ANCHORAGE, Alaska (Reuters) – Dallas Seavey claimed his fifth victory in the Iditarod Trail Sled Dog Race early Monday morning, reaching the finish line on this year’s shortened course through the Alaskan wilderness just after 5 a.m. Alaska time.
Seavey, 34, completed this year’s race in seven days, 14 hours and 8:57 minutes. In 2012, he became the youngest Iditarod champion.
The third-generation Iditarod musher has now tied Rick Swenson for the most victories. He was greeted at the finish line by his father, three-time champion Mitch Seavey, and will pocket about $40,000 in prize money.
“I’ve looked up to Iditarod champions my whole life, and I’ve dreamed about this my whole life,” Seavey said in an interview at the end of the race.
For the first time ever, Nome was not the site of the Iditarod finish. This year’s race, over a course that was drastically altered because of the coronavirus pandemic, ended at the same spot where the mushers had started on March 7, a secluded riverside location about 75 miles (120 km) north of Anchorage.
Instead of the traditional trek to Nome that spans nearly 1,000 miles (1,610 km), mushers traversed an 840-mile (1,350-km) out-and-back route on the southern part of the traditional trail. Stopovers at Native villages along the way were eliminated this year, and checkpoints were set up in spots isolated from any communities.
The throngs of cheering fans that typically greet mushers along the route were absent this year. Access at the start, finish and the checkpoints was strictly limited to staffers, volunteers and support teams, along with a small press pool.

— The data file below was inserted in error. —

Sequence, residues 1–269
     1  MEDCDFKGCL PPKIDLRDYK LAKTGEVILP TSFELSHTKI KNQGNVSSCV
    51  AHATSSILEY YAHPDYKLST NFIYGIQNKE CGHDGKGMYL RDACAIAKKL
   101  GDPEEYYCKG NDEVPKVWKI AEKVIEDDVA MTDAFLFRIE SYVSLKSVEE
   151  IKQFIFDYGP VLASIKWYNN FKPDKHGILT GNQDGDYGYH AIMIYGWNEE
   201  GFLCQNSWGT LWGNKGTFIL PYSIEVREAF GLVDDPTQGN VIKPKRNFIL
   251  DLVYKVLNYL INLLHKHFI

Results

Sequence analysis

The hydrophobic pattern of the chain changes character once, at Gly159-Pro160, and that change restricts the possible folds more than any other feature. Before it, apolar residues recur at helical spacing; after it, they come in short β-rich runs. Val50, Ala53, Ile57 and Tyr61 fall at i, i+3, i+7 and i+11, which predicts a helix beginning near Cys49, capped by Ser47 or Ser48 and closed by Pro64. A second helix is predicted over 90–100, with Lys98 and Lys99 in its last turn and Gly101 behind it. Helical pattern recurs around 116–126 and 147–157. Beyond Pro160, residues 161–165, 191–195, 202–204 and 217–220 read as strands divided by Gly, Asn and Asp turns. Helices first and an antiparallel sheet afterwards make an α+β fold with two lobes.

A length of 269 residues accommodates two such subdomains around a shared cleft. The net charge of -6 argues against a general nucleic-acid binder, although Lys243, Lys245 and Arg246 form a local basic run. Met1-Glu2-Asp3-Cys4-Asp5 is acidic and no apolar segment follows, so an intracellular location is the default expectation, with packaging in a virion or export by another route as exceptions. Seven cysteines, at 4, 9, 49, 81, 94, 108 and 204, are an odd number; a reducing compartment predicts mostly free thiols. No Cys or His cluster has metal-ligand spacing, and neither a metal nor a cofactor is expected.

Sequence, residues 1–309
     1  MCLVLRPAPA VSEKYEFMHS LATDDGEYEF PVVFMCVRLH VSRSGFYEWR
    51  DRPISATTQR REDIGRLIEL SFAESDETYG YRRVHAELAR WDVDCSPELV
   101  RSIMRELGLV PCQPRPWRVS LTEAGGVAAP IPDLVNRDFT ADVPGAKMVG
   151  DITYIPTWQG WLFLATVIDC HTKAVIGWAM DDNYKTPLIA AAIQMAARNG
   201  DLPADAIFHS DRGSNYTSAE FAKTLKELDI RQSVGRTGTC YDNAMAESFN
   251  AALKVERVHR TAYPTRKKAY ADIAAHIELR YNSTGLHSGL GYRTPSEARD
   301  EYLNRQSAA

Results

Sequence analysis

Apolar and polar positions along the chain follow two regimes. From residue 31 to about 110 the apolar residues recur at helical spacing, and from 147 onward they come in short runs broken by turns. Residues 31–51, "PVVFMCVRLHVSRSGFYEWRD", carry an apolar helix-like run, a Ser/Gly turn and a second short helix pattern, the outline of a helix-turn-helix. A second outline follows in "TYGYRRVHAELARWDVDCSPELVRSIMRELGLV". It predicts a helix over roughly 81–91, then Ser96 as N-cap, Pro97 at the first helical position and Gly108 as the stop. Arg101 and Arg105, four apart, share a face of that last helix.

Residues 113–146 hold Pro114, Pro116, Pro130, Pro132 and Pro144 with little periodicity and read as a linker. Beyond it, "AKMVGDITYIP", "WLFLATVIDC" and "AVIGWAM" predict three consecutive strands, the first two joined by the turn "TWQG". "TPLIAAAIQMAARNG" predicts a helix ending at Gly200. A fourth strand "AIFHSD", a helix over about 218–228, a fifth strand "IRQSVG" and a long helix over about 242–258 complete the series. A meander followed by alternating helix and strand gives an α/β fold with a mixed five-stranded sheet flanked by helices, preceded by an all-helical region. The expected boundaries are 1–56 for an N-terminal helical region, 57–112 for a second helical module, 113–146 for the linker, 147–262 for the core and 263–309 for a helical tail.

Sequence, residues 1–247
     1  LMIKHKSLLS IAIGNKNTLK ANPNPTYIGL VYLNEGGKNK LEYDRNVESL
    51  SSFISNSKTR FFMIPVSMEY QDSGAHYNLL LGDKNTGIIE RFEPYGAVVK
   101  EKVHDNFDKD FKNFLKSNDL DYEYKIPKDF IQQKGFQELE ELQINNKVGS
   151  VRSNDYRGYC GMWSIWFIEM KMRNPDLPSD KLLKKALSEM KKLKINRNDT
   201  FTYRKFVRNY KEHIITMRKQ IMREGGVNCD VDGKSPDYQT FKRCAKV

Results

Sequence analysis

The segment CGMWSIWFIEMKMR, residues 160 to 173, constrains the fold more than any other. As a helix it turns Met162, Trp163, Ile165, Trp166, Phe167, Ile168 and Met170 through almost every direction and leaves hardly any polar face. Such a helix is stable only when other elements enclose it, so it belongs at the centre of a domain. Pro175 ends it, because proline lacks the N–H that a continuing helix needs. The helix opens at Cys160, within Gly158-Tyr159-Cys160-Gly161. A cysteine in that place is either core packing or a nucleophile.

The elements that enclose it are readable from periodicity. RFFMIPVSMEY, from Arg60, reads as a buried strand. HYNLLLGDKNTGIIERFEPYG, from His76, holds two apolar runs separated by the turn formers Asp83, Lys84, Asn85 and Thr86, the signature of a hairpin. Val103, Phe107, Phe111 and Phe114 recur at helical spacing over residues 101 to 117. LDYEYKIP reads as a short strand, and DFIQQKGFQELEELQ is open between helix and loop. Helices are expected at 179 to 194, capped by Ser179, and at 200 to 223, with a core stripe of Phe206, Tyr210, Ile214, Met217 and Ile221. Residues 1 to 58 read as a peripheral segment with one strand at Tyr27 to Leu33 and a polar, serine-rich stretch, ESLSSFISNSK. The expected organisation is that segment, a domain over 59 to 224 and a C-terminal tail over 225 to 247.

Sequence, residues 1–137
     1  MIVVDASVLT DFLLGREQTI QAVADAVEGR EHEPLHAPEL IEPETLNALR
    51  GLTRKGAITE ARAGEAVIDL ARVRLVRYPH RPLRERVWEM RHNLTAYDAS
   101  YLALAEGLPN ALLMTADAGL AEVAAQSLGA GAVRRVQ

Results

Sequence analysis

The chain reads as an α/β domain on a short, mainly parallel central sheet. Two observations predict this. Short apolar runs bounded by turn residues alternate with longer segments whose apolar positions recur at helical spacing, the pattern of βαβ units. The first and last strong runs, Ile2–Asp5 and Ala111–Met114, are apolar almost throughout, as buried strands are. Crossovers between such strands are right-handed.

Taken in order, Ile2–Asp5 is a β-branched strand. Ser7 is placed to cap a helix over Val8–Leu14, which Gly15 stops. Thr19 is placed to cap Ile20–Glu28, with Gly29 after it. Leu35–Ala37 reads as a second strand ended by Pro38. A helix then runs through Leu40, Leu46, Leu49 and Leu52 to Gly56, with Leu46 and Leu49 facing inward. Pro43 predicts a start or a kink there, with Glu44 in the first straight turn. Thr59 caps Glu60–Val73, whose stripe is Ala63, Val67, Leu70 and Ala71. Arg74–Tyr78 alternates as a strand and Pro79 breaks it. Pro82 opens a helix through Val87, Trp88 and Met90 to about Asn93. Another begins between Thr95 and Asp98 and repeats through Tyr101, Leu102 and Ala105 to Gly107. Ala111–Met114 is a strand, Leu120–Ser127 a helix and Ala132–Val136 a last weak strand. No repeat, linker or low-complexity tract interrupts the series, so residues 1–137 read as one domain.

The starting field of only 46 dog teams was one of the smallest in decades. Several mushers, including defending champion Thomas Waerner of Norway, were not able to travel with their dogs to Alaska because of coronavirus restrictions.
The ceremonial start in Anchorage, a March tradition that usually draws masses of fans and tourists to Alaska’s largest city, was canceled due to infection concerns.
Mushers, officials and volunteers were subject to frequent COVID-19 tests before and during the race. One musher, Gunnar Johnson of Minnesota, had to drop out on Wednesday after he tested positive for the virus.
Two potential race winners also suffered early exits. Aliy Zirkle, who has finished in second place three times, was severely injured in a fall on the second day of the race and evacuated by the Alaska National Guard to an Anchorage hospital.
Pete Kaiser, the 2019 champion and the first Native Yup’ik musher to win the race, scratched on Saturday after his dogs fell ill.
Mushers and dogs enjoyed unusually good snow conditions but the contestants had to endure temperatures that dropped to as low as minus 55 degrees Fahrenheit (minus 48 degrees Celsius), according to a news report from the trail.
(Reporting by Yereth Rosen in Anchorage, Alaska; Editing by)